How Common Is Periodontal Disease?
Periodontal disease affects about 20%-50% of the world’s population. And more predominantly among the older population in high-income countries. According to the American Academy of Periodontology, periodontal disease is a chronic inflammatory disease. It affects the gum tissue and bone supporting the teeth.
Sadly, this is a very common problem among adolescents and adults alike. Therefore, it must be treated with special care by a periodontist.
This article walks you through the prevalence of periodontal disease among different populations, symptoms, causes, and more.
Prevalence of Periodontal Disease in Adults in the United States
According to a recent CDC (Centers for Disease Control and Prevention) study, 47.2 % of U.S. adults have periodontitis, a more advanced form of periodontal disease. This means that 64.7 million Americans have periodontal disease. Half of those above 30 and above have severe periodontal disease. The same study states that prevalence rates increase to 70.1 percent among adults 65 years and older. These findings are based on the data collected as a part of the 2009-2010 National Health and Nutrition Examination Survey (NHANES).
These findings suggest that more people have periodontal disease than previously thought. And there is a disparity among specific population groups. For example, at 56.4%, the disease is higher among men than women, 38.4%. In addition, the rate is highest among Mexican Americans at 66.7% when compared to other races. The other segments that see a high prevalence of periodontal disease include smokers, people living under the federal poverty level, and less education.
Is Periodontitis a Serious Disease?
Contrary to popular myth, periodontitis in adults is extremely common. It is a severe infection of the tissues that surround and support your teeth. If left untreated, it can lead to tooth loss and other health complications, including increasing one’s risk for oral cancer.
The bacteria causing periodontal disease can enter the bloodstream affecting other parts of the body. As the disease progresses, it can lead to rheumatoid arthritis, respiratory disease, heart disease, and diabetes.
Diagnosing Gum Disease
Firstly, periodontists rely on visual assessment to check the patient’s oral health. But, this visual method of diagnosing indicates only the presence of the disease. To assess the severity of periodontitis, you need to rely on more advanced diagnostic methods to determine Clinical Attachment Loss (CAL) or Radiographic Bone Loss (RBL). The periodontist then measures the pocket depth with a periodontal probe. A depth of 4mm indicates the presence of periodontal disease. Pockets deeper than 5 mm may indicate severe periodontitis and cannot be cleaned well.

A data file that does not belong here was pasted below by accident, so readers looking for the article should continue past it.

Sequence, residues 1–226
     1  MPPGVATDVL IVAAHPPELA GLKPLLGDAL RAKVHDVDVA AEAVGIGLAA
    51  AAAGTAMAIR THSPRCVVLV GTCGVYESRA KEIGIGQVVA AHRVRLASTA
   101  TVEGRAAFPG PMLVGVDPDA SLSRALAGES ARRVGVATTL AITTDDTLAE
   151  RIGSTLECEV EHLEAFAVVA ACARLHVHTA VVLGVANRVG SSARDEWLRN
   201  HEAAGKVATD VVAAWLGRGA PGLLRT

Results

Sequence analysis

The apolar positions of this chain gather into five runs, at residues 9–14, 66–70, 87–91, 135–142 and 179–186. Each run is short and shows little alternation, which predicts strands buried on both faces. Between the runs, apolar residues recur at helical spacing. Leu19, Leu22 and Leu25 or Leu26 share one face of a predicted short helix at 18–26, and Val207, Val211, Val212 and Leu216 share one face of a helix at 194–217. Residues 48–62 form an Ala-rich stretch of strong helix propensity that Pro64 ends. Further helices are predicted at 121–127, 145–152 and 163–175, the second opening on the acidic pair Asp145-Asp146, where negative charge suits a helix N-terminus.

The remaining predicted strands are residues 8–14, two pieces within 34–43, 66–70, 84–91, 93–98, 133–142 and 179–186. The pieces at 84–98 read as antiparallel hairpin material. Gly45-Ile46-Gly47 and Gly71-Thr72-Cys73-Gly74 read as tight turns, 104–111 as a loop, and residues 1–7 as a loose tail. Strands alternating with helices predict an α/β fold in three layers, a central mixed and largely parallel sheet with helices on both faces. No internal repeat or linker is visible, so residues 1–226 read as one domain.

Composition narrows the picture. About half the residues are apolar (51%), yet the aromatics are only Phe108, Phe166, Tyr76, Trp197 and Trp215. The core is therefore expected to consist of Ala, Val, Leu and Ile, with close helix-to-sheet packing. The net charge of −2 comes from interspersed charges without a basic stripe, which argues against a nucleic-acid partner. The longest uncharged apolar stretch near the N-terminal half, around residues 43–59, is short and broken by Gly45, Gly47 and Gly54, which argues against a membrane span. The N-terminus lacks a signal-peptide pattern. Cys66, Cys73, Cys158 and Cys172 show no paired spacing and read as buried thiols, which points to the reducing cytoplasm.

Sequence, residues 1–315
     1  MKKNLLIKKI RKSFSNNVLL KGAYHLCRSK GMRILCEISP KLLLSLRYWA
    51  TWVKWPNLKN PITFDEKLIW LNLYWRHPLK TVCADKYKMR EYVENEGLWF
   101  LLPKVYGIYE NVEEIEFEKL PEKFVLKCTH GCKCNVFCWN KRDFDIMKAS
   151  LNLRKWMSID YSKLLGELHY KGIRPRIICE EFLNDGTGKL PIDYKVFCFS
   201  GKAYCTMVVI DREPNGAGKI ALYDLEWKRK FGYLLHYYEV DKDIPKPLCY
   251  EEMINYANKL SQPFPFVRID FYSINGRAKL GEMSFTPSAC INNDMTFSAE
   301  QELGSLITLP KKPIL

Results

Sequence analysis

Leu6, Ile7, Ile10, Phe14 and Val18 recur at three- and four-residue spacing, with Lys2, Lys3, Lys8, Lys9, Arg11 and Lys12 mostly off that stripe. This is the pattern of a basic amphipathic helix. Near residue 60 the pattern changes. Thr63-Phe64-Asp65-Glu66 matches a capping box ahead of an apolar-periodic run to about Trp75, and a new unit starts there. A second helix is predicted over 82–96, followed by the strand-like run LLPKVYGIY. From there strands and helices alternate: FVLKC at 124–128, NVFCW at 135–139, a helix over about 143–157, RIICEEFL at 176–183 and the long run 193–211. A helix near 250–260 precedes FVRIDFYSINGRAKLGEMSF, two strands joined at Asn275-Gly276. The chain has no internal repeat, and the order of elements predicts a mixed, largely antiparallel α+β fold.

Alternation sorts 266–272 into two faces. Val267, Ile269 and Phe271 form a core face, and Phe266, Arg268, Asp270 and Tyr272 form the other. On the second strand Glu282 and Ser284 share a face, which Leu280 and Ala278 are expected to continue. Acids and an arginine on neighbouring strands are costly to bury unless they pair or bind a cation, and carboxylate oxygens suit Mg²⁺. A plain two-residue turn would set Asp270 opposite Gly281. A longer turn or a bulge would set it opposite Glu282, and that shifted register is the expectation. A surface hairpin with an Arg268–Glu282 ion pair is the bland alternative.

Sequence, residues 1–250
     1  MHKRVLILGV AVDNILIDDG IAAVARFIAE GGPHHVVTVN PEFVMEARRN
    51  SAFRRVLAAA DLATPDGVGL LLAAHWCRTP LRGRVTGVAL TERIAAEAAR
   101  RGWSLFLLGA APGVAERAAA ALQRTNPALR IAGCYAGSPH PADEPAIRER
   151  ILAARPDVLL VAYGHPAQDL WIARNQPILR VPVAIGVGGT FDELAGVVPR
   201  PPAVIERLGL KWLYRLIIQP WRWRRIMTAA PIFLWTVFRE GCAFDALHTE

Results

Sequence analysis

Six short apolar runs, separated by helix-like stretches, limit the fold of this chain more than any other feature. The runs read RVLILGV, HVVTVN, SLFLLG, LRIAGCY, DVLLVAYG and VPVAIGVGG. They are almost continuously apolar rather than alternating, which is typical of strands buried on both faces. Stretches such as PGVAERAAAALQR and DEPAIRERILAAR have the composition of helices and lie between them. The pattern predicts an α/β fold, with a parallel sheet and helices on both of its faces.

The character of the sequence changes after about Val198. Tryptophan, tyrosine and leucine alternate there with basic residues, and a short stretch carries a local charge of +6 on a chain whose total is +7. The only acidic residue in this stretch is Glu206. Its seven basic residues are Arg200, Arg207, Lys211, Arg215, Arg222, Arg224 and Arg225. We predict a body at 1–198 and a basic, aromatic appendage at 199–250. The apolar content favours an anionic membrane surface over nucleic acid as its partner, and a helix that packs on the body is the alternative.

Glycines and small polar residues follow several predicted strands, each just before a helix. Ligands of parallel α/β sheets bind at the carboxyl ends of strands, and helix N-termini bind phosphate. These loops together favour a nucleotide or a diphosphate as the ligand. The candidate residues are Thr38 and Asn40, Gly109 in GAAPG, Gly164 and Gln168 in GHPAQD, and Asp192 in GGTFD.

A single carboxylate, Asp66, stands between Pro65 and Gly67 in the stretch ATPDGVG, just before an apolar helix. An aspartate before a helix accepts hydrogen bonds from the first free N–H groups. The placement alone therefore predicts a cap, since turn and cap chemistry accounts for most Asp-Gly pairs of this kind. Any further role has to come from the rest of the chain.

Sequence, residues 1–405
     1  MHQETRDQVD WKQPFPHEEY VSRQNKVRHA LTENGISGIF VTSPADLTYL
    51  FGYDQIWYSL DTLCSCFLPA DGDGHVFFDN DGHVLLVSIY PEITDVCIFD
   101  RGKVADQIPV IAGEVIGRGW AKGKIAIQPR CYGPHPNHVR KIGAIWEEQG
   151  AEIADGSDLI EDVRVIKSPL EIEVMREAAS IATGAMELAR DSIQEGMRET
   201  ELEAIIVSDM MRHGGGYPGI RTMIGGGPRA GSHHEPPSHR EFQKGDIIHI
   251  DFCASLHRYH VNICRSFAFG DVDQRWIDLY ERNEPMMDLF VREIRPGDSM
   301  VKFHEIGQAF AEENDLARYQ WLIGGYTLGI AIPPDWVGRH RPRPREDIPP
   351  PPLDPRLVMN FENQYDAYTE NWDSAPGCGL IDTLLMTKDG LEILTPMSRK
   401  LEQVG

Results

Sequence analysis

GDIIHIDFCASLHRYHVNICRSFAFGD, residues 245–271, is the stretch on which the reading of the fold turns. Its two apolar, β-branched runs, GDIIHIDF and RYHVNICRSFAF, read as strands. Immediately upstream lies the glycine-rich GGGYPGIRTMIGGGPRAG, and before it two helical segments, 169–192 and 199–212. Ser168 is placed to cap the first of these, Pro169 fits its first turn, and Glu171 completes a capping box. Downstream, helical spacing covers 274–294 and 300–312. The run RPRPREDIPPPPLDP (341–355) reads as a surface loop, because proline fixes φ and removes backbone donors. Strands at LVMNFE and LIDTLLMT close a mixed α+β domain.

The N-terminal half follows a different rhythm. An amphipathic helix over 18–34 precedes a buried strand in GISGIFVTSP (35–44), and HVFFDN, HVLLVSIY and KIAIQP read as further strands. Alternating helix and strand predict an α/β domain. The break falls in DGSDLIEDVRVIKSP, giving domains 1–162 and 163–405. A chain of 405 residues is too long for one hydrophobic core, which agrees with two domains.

New tests offer genetic and biological information to better determine the appropriate treatment regimen for each patient.
Can You Reverse Gum Disease?
Periodontal disease is broken into four stages:
- Slight Periodontal Disease
- Moderate Periodontal Disease
- Advanced Periodontal Disease (Periodontitis)
Of these, gingivitis is the only stage that can be reversed as the bacteria has not yet had time to attack the bones. However, once a patient reaches stage 2, the infection has already spread to the bones, possibly destroying them. At this stage, the disease is only manageable and not preventable.
Hence, it is vital to catch periodontal diseases early before they move on to peridontitis.
At What Age Do Most People Get Gum Disease?
The chance of periodontal disease increases as you grow older. That is why it is most commonly seen in older adults. For example, clinical attachment loss was significantly higher among adults of ages 60 to 69 years when compared with those aged 40-50 years.
Due to the slow nature of the disease, it can even develop early in life and can go undetected until the patient is older. Unfortunately, by this time, a great deal of damage would have happened.
Causes and Symptoms of Periodontal Disease
Periodontal disease is an inflammatory condition that affects the tissues and bones surrounding the teeth. The early stage is called gingivitis. During this period the gums become red and swollen, a clear sign of bacterial infection. In the more severe cases, the gums pull away from the tooth. In chronic periodontitis i.e, the advanced stage, you may witness a loss of gum tissue and bones, resulting in the teeth falling off. The disease, however, progresses pretty slowly.
Periodontal disease is quite common but preventable. The prevalence of periodontitis can be attributed to poor oral health and hygiene. Generally, oral diseases like periodontal disease start with the development of plaque.
- Sugars and starch in your food, together with the bacteria in your mouth, form a film called plaque.
- The plaque hardens into tartar under your gumline. It is filled with bacteria and is difficult to move at this point. You need a dental cleaning to get rid of it.